Measure and cut a pipe cleaner to approx 4.5″-5″ long. This pipe cleaner will be your “nose bridge.”

Carefully insert the nose bridge through the one cm gap located on either the left or right side of your mask. Keep pushing the pipe cleaner through until it is centered and in between your one cm parallel lines at the top of your face mask. Once you’ve done that, close the one cm gap on the left or right vertical side by sewing over it. Then sew perpendicular to the parallel lines at the top of the mask, thereby, creating a rectangle box around the nose bridge.

Step 7: Adding the Ear Straps

Grab the elastic you will be using for the ear straps. Measure approx 11-12″ long for each of the two pieces of elastic. **Remember if it’s too long you can always tighten your mask later. However, if your elastic is too short, it could be too small and too tight on your face. When in doubt, it’s better to cut a longer piece of elastic.**

Sew on the elastic to each of the vertical lines. You can sew to the right of the lines or on the lines. Center out the straps so there is an equal amount of elastic on the top and on the bottom of the mask.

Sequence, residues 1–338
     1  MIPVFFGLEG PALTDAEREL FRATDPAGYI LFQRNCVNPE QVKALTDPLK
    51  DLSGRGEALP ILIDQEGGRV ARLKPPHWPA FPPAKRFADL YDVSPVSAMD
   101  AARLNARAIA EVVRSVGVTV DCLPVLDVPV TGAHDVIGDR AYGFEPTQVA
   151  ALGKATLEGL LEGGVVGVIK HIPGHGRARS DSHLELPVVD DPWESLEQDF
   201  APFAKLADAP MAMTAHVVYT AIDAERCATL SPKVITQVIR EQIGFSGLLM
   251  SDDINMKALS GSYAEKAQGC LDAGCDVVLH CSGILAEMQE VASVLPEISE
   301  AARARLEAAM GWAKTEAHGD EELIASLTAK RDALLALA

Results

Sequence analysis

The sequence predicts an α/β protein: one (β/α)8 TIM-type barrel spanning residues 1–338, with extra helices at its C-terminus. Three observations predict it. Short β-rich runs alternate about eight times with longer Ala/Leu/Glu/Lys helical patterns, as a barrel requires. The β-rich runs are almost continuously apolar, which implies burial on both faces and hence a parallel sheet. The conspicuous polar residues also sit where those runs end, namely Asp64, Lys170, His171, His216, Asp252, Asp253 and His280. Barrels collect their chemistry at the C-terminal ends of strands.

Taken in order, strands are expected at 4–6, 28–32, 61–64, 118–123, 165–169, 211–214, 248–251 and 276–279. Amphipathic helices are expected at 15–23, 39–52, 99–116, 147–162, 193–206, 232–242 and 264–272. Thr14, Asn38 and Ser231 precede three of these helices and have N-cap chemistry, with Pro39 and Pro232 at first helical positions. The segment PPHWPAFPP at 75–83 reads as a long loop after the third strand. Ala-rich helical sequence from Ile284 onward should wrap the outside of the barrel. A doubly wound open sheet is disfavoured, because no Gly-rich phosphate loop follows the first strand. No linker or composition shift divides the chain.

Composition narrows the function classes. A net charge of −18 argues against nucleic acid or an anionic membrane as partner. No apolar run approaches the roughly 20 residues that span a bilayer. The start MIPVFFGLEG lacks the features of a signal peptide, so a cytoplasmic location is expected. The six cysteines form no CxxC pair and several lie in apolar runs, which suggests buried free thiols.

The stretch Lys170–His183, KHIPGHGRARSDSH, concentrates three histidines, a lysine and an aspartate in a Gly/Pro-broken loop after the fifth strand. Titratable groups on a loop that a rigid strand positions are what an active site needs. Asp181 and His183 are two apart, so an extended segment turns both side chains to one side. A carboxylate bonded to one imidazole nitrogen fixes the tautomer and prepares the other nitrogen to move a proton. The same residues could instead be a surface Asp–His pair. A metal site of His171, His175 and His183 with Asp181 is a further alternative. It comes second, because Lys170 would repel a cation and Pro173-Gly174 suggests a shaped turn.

Next, using fabric scissors, cut off the tips of the corners of your mask. ** Do NOT cut all the way down to the elastic. **

Next, fold this outside portion in half (as shown in the picture below). Sometimes it helps to fold 1-2 millimeters past where I have folded in my demo. Iron over this fold a couple times.

After ironing this fold, you will fold it inward once more. If you’d like you can iron over it again but not crucial.

You will sew vertically along these folds or “sushi roll” you just created. It should look like the photo below.

Repeat by cutting the tips of the corners on the left side of the mask and folding the fabrics over twice and ironing.

After you iron, repeat sewing over this side as well. Once you have finished that, you can tie together your elastics at a length that is best suited for your face.

There you have it! Your mask is complete.

(Unless of course, you would like to add a removable filter for your mask. In that case, stay tuned for part 2!)

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Ivi Kim is a content writer, marketer, and legal writer. Ivi graduated with a Juris Doctor from Indiana University Robert H. McKinney School of Law and a Master of Business Administration from Indiana University Kelley School of Business. Ivi writes thought provoking content that organically increase SEO scores and helps companies facilitate the development of their online presence. She blends her logical and creative understanding of the world to compose works that go beyond reaching an audience. She hopes to create a community that becomes a catalyst for changing America's broken healthcare system and the increasing underemployment/unemployment crisis facing millennials.